Hip hop group Run-DMC sues Amazon and Walmart over fakes

2016 wasn't Amazon's best year when it came to criticisms over counterfeits, and it ended on a sour note – a $50m lawsuit against the online retailer by iconic rap group Run-DMC for trademark infringement.

The lawsuit, which also targets retailers Walmart and, as well as about 20 other unnamed defendants, alleges the stores don't have the rap group's permission to sell Run-DMC branded and logo-bearing products such as glasses, T-shirts, wallets and hats.

Run-DMC, which was founded in 1981 by Darryl "DMC" McDaniels, Joseph "Run" Simmons and Jason "Jam Master Jay" Mizell, is known for hits including Aerosmith collaboration Walk This Way and has been credited for making hip hop more mainstream.

The lawsuit states the retailers are "advertising, selling, manufacturing, promoting and distributing multiple products with the logo", which are counterfeits, and alleges the stores are capitalising on the goodwill associated with the brand and are using the brand for profit by partnering with sellers who are infringing the trademark.

The infringement practice has been ongoing for three years, the lawsuit claims.

Founding member of the hip hop group and lawsuit plaintiff, Darryl "DMC" McDaniels, claimed the fake products violated federal trademark laws and deceived consumers into thinking the products were distributed by the genuine Run-DMC brand.

The case alleges the "plaintiff will suffer immediate and irreparable injury, loss or damage" unless the infringements are stopped, adding that the infringements dilute the brand and harm its ability to "utilise, market, promote and sell products with its registered trademark".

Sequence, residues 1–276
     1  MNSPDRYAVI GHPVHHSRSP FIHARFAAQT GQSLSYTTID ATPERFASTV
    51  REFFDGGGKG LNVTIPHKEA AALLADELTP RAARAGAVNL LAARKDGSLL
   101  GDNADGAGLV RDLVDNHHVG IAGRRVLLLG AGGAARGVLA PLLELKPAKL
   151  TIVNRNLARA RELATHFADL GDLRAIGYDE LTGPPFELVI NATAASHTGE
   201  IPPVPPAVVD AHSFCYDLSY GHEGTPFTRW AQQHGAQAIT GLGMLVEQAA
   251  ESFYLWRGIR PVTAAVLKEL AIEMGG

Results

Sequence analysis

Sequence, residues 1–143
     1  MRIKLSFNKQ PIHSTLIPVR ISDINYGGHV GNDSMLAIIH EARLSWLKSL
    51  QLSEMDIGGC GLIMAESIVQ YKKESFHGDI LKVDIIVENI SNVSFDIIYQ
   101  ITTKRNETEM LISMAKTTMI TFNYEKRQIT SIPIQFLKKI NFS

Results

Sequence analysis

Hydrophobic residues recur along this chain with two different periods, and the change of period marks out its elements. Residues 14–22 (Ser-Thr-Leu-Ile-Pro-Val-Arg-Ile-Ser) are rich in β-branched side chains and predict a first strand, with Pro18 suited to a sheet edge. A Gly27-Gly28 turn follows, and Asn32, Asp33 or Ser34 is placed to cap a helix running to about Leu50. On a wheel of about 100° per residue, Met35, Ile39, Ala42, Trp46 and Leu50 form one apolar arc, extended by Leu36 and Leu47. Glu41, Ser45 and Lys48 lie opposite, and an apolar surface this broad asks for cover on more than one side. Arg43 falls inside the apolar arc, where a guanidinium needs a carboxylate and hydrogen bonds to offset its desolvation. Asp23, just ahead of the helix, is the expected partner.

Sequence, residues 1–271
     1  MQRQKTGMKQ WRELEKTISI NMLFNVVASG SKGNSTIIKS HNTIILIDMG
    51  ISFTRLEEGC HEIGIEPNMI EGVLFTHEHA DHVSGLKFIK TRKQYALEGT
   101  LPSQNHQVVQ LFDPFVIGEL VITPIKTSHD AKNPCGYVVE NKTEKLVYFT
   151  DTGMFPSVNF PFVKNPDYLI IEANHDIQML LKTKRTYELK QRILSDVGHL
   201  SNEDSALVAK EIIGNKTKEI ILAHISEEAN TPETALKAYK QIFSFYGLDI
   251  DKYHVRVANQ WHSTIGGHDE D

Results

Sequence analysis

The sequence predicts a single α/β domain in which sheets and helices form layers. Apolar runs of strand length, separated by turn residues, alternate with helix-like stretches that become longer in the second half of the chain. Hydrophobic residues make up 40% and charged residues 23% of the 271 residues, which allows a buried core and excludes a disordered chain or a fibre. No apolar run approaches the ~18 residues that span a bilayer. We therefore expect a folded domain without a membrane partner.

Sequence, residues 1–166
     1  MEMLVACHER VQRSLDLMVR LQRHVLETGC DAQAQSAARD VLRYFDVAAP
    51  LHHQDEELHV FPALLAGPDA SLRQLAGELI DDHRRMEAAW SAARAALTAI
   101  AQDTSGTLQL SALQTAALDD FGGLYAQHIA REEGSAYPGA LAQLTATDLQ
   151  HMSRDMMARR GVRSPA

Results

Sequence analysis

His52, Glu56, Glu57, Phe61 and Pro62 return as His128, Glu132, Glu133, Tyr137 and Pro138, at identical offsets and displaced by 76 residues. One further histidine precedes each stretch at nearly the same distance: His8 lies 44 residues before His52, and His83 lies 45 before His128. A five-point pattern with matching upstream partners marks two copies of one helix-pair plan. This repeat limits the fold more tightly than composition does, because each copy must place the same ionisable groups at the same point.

The group is seeking $50m in damages, as well as an injunction and restraining order against sales and promotion of the products.

According to media reports, since the founding of the hip hop group in 1981, Run-DMC has generated more than $100m from intellectual property, with the brand previously licensed to sportswear companies such as Adidas, which has a $1.6m agreement.

Amazon and Walmart have not yet responded to the lawsuit.

For Amazon, this is the third lawsuit in as many months over allegations of counterfeits sold on its platform. In November last year, a US family sued the e-commerce site for $30m alleging that a hoverboard toy that was bought from the online retailer was counterfeit and caught fire, destroying the family's $1m home.

Then in December, makers of the Snuggie blanket and other "as sold on TV" products took Amazon to court claiming trademark infringement from "astronomical" numbers of counterfeits, which were "hijacking" product display pages on the online marketplace.

Walmart has also previously been accused of opening its website to third party vendors who have sold counterfeit products.

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